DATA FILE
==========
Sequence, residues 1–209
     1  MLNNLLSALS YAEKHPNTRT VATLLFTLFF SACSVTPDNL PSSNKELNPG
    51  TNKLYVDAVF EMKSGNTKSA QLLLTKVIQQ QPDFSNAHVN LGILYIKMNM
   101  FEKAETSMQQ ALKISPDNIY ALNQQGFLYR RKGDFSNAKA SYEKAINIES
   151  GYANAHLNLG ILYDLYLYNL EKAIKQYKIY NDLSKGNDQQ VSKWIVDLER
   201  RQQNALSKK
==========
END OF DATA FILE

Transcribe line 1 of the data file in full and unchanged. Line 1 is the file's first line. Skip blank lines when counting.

Sequence, residues 1–209